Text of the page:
Edited by Buckeye Jones, 08 September 2011 - 08:09 AM.
Posted 08 September 2011 - 08:08 AM
Posted 08 September 2011 - 06:07 PM
I didn't mind the way they developed her character in season 4, but I am hoping they push her character more out-of-frame in the future seasons. I'm tired of her.
Posted 16 October 2011 - 07:21 PM
Then a second co-worker strolls up. She's now up to Season 3 and is loving the show. "Oh," she mentions, "I just read
I don't know what we'll do for Season 5. Wait for the DVD and try to avoid the water-cooler discussion at the office, every Internet story about the show, etc.? Should be no problem, right?
Edited by Christian, 16 October 2011 - 07:22 PM.
Posted 19 October 2011 - 11:42 AM
As far as the new seasons of the show, there's a great way to keep up without paying for cable. The show has a distribution deal through iTunes that allows you to stream the show at the same time new episodes hit AMC with a season pass that is probably around $30 or $40.
Edited by Russ, 19 October 2011 - 03:54 PM.
Posted 19 October 2011 - 02:56 PM
BTW, that bit in your post about
Also, just to be clear: Do you not see a trajectory in Betty's character at all during her four seasons on the show?
Edited by Christian, 19 October 2011 - 02:57 PM.
Posted 19 October 2011 - 04:50 PM
You know, maybe there's been something over the course of four years that would qualify as a dramatic arc. I don't know. It seems clear to me that what these serialized dramas do so well by way of character development is allow us to watch people for so long and in varied and unhurried circumstances where they aren't merely pegged to perform rote plot points. This permits us to feel a sort of intimacy you'd reserve for actual acquaintances and encourages a manner of empathy wherein even normally-unsympathetic characters have a well-written complexity that gives us some unique insight into the human condition. I don't get any of that from Betty, and on a show so justly praised for its writing, I'm never surprised by the limited range of responses or actions we hear or see from her. There probably wasn't a moment where Weiner considered putting forth an Eisenhower/Kennedy-era housewife who was, y'know, actually reasonably happy or satisfied with her domesticity. But weirdly, as transparently cliche as a June Cleaver type might be to modern audiences, the Betty Draper type-- the rich-but-unhappy woman smoking and gossiping in a housecoat, bred for nothing more than what she has-- is similarly cliched.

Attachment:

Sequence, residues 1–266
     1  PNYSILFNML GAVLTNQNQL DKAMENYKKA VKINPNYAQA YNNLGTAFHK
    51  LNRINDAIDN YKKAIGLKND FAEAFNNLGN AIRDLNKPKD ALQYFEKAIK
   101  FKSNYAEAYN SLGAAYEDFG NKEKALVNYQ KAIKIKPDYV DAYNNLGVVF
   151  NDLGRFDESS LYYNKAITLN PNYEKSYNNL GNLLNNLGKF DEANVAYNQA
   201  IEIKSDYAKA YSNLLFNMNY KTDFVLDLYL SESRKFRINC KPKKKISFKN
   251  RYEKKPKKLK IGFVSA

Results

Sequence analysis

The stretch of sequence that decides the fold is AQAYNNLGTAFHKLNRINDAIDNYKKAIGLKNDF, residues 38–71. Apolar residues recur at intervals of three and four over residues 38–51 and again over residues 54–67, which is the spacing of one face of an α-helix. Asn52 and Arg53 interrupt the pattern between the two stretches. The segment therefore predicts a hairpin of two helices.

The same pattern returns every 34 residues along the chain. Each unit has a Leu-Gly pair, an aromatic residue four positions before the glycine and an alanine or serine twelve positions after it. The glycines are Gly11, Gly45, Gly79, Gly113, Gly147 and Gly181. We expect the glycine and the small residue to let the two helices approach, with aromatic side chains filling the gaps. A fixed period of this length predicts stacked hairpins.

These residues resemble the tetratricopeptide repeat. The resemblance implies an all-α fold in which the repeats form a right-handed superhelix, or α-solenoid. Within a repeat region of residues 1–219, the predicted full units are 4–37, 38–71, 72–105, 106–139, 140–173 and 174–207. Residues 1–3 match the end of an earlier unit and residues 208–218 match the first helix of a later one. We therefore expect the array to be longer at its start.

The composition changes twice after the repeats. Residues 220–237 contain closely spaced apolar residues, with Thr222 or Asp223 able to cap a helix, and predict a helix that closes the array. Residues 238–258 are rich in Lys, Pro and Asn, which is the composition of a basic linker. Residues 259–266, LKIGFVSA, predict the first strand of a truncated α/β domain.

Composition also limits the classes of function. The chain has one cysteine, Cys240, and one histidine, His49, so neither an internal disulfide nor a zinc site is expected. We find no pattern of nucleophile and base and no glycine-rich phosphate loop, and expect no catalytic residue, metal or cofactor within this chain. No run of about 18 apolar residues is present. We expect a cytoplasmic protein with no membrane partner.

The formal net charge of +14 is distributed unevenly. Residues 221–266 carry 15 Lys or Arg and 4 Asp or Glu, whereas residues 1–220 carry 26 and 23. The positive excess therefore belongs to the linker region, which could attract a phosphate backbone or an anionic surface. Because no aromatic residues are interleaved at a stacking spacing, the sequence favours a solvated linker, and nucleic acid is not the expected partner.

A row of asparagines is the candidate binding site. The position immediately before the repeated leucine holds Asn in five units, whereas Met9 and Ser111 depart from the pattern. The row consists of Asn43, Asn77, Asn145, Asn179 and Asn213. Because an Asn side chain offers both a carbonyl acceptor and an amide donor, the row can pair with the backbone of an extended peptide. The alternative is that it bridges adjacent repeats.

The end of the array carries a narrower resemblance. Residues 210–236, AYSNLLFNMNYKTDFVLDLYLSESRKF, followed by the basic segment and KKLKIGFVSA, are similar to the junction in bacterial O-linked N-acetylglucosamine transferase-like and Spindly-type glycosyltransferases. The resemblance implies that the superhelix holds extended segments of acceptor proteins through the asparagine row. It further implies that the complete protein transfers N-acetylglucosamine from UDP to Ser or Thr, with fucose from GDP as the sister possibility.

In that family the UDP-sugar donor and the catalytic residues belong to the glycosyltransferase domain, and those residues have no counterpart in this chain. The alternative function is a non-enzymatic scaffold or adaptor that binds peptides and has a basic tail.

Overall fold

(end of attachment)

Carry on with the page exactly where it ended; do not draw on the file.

Another interesting feature of the Era of Quality Television is its ability to anoint as dramatic stars actors with previously modest success in bit parts. Part of that, I think, is the quantity thing; you see someone in a role for so long that the mere repetition becomes its own unique verisimilitude. That being said, I think that January Jones's physical beauty vastly outstrips her skills as an actor. As I understand it, she was originally cast in the pilot with some possibility of the role being recast. I'm not sure, though, whether a different person would have been able to bring the character into greater focus.
Edited by Russ, 19 October 2011 - 04:51 PM.
Posted 19 October 2011 - 05:08 PM
Andrew, I think I agree with everything you wrote.
Posted 19 October 2011 - 10:05 PM
Posted 15 November 2011 - 05:08 PM
Posted 12 March 2012 - 06:30 PM
Posted 12 March 2012 - 10:31 PM
Posted 13 March 2012 - 09:02 AM
We just started watching season one over the weekend, and are two episodes in. Based on those two episode, I'm definitely getting this vibe.
Posted 13 March 2012 - 01:45 PM
Posted 25 March 2012 - 11:14 PM
Edited by Ryan H., 25 March 2012 - 11:14 PM.
Posted 26 March 2012 - 02:34 PM
The characters were in fine form though, especially Peggy, Joan, and Pete.
Harry Crane! What happened to you!?
Posted 28 March 2012 - 02:27 PM
As far as my reaction to the premier itself, I don't have much to say yet. I enjoyed it, I liked seeing everyone back in action, and I have high hopes.
One thing I'll be keeping an eye on is how the theme of "power" plays itself out over the course of the season, as that seemed to be the recurring theme of the premier: the advantages of power, how those in power are perceived by those with less power, etc.
Also, this is an interesting listen, if you haven't heard it already: http://www.npr.org/2...-for-don-draper
Posted 28 March 2012 - 02:35 PM
I wonder if this means Mad Men season 5 will be a lot like Buffy season 7? (Probably not.)
After managing to get my wife to watch a few more episodes, I'm happy to report that we're liking the show a lot now. We're almost done with the first season. I still can't look at Pete Campbell without seeing Connor from Angel, though.
Posted 28 March 2012 - 03:41 PM
I can't look at Campbell without wanting to pound his face in.